The outer fabric is a fine silk chiffon and netting broomstick pleated and carefully hand tacked to the bodice with hundreds of fine hand stitches. it appears that there might be a couple layers of fabric pleated together at the same time. It will be draped over the foundation while it is on a dress form and carefully pinned in place, The pleats can be draped and arranged however you choose. Once they are pinned in place securely you hand sew the pleads to the foundation bodice with lots of tiny hand stitches. this is often called “tacking” by pros. I can clearly see a line of tack stitching along the top edge of the corset and along the high waistline. In the front I can see a line of tacking under the bust. This contours the pleats over the cups of the corset so the pleats lay smooth and don’t bunch up or buckle.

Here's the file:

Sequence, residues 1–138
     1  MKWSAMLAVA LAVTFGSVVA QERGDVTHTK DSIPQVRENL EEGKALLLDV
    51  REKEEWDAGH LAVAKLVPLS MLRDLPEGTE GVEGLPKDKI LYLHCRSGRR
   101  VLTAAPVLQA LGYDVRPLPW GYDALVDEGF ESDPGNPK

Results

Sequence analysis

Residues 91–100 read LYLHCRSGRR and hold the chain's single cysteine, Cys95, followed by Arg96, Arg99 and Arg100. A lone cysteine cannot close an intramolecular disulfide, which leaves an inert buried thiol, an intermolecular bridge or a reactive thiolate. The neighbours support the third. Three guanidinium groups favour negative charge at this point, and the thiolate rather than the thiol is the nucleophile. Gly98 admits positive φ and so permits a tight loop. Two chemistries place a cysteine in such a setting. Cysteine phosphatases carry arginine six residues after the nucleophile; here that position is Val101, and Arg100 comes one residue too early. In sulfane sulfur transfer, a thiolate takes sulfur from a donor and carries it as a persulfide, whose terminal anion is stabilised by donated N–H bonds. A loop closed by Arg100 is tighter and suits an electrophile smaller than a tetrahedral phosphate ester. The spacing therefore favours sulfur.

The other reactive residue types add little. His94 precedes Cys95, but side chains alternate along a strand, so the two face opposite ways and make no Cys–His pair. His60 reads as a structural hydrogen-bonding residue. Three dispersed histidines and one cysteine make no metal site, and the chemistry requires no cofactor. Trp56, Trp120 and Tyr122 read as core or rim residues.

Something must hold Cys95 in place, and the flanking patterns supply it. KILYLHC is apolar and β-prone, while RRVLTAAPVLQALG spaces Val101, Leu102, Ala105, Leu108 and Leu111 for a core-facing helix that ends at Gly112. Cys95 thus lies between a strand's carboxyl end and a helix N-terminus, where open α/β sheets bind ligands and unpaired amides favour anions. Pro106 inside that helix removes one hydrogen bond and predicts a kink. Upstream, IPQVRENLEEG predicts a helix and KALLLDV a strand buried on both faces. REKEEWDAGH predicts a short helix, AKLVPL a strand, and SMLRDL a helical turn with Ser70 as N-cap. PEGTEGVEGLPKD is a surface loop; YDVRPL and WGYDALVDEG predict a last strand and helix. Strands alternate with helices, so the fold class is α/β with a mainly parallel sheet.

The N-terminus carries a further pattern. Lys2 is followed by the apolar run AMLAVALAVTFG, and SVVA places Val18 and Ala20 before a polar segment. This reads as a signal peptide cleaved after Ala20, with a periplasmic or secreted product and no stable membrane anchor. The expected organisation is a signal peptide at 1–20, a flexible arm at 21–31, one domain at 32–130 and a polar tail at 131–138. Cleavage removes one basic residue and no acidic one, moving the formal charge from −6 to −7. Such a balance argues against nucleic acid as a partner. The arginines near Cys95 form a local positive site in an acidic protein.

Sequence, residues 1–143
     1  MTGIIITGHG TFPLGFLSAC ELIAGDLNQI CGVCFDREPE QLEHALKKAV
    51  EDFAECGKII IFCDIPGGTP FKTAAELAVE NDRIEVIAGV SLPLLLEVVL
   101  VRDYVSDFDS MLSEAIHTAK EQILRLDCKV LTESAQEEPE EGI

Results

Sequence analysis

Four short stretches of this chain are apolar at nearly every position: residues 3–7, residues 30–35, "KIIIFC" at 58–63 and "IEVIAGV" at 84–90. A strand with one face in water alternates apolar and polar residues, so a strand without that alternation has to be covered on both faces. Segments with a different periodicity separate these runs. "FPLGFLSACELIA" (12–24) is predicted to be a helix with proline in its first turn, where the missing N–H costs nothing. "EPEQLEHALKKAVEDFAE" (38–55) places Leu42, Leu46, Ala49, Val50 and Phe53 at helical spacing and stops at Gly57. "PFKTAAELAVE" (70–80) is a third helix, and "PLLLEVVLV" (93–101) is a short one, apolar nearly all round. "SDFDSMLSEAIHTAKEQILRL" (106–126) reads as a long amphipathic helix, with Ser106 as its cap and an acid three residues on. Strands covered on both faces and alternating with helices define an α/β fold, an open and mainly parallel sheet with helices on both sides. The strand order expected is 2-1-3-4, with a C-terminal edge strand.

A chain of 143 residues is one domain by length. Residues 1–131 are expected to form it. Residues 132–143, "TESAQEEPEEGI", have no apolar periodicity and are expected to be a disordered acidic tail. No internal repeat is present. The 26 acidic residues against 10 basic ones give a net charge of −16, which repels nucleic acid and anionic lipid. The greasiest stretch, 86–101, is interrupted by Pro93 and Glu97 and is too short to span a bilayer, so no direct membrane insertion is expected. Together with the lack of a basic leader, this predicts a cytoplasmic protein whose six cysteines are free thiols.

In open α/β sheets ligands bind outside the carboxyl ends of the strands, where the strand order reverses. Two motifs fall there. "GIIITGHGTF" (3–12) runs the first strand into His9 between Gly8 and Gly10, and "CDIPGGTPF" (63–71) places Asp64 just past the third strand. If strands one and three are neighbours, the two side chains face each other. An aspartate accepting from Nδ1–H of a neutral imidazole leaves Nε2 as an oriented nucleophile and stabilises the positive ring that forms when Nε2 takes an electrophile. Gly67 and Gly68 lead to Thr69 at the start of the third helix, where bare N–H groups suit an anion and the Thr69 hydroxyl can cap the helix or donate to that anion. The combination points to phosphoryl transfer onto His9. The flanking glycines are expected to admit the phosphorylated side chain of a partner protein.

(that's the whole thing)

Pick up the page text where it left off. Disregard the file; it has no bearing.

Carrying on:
The lace is an assortment of vintage guipure motifs. A few look like they are recycled from old dresses, some could be from sources as diverse as table linens and curtains. Sometimes I will get a yard or so of expensive lace and then cut the motifs apart and scatter the motifs across a dress. Some motif-style laces are a very expensive and this makes a little lace go a long way. . The lace is hand tacked last and appears to cover construction details.. The end result look effortless and ethereal -but under the effortless is a whole ton of work.

    Start with a close fitting strapless dress pattern as your base and use bones along seam lines and ensure the fit is snug around the ribcage especially under the bust. The rest of the dress will be supported from this area. Once the foundation dress fits you can pleat and drape and tack fine silk over it to get the look you want. There’s won’t be an exact pattern for the pleats and placement of the lace. This dress requires improvising to get the pleats and lace to lay where you want. It will be a lot of work with plenty of hand sewing. The reward will be a one-of-a-kind wedding dress that will cost much less than buying the couture gown.